I can’t help feeling that maybe Lawson’s heart wasn’t in this one as much as it was before, and it feels in some ways just a publishing initiative to milk her previous success. Disappointing.
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1 of 1 people found the following review helpful
5.0 out of 5 stars Excellent page turner, 14 May 2014
This review is from: Road Ends (Hardcover)
I really loved reading Road Ends. I found the story an excellent page turner. I was gripped the whole way through. I enjoyed Road End so much that I want to buy Mary Lawson's other books that she has published. Road Ends is the first book that I have by Mary. I can honestly say that Mary Lawson has become one of my favourite authors. Megan lives with her twins brothers Peter and Corey, who are a handful she has another brother Adam and her oldest brother Tom. Their mother has had nine children of whom only eight has survived. All were boys apart from Megan. Their father Edward works in a bank. Now Megan has reached twenty-one she tells her mother she is now leaving home. Megan had already told her mum when her mother was pregnant with Adam, that she was leaving home but Emily Megan's mother does not remember Megan saying to her that she was going to leave home. Megan wonders if her mother at 45 years old is going senile. Megan's father Edward offers her the money for a flight ticket to England so Megan can go and stay with her friend in her flat in England. Megan has always helped around the house and with the boys, She has been like a mother in the house. Once Megan leaves there is no food in the house so Tom has to venture out in viciously cold snow blizzard to buy some food. A lot happens in Road Ends. There is anguish of family life, the push and pull of responsibility and individual desire, the way we can face tragedy and in time hope to start again. I hope that many readers who buy Road Ends will enjoy the story as much as I have. Review by ireadnovels.wordpress.com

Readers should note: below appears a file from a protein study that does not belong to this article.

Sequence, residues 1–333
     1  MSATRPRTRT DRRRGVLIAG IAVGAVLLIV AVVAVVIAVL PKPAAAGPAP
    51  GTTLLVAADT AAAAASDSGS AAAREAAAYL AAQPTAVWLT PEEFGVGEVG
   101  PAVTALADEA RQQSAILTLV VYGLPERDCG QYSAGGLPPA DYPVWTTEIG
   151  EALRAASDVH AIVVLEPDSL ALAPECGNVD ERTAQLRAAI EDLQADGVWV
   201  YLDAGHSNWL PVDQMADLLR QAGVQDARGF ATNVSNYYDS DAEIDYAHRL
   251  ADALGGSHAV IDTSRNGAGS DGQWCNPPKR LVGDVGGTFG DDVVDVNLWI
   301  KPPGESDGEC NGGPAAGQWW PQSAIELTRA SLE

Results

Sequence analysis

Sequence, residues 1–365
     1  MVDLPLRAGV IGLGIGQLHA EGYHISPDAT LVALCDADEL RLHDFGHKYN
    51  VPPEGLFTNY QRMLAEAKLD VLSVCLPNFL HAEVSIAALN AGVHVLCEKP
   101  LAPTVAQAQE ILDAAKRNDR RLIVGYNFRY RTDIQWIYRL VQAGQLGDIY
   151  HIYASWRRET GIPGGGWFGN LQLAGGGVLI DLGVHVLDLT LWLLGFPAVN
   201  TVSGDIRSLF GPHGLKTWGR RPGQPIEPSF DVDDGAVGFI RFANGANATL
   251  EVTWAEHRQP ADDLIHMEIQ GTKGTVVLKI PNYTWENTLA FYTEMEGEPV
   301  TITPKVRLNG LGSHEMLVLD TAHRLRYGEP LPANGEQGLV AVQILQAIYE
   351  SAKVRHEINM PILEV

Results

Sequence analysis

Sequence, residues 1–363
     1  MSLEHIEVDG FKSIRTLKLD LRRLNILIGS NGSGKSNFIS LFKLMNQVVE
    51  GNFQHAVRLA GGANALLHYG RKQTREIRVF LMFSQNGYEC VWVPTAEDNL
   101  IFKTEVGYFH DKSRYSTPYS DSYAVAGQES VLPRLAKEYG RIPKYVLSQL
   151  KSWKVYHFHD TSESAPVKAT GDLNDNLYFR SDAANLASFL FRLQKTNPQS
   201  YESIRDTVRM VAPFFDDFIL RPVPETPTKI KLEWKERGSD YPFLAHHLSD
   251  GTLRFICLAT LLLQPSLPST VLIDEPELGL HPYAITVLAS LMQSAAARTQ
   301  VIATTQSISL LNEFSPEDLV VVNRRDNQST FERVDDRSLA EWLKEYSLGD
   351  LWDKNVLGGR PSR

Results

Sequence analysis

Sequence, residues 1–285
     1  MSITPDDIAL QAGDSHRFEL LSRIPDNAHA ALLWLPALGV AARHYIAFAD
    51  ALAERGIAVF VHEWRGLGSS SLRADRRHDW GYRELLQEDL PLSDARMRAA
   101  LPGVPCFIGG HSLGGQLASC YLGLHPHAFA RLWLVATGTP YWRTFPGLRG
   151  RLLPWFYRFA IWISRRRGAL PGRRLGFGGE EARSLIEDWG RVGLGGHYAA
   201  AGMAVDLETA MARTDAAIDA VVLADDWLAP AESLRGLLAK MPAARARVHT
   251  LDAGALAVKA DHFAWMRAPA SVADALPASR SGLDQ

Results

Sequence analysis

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1 of 1 people found the following review helpful
4.0 out of 5 stars Not quite the end of the road, 4 May 2014
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Denise4891 (Cheshire) - See all my reviews
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This review is from: Road Ends (Kindle Edition)
Set between rural Ontario and 1960s London, this is the story of the dysfunctional Cartwright family told mainly through the voices of patriarch Edward, eldest child Tom and long-suffering daughter Megan. Megan has had enough of mothering not just her five younger brothers but also her parents – distant Edward, a bank manager who prefers to spend time at work and in the library than at home with his family, and fey, sickly Emily who seems to exist merely to produce baby after baby and prefers not to have to deal with her older children.

On the rather vague invitation of a friend whose family have moved to England, Megan sets off for London and finds it, if not exactly swinging, then certainly brash, lively and loud compared to her home town. As she builds a new life for herself, elder brother Tom is confronted with the reality of his broken-down family when he returns home from University, nursing his grief over the tragic death of a close friend.

It’s a very thoughtful, beautifully written novel full of acute and poignant observations on family life. One character in particular who will tug on your heartstrings is 4 year old Adam, a victim of shocking neglect at the hands of his distant parents. None of the characters are perfect (even saintly Megan) and their flaws and vulnerabilities are portrayed in a real and sympathetic manner. I’ve read and enjoyed Mary Lawson’s other novels, Crow Lake and The Other Side of the Bridge, which are both set in the same remote Canadian town. Although some of the characters and settings overlap slightly, they’re not part of a series and can be read independently.
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1 of 1 people found the following review helpful
5.0 out of 5 stars Welcome new book, 31 Mar 2014
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This review is from: Road Ends (Kindle Edition)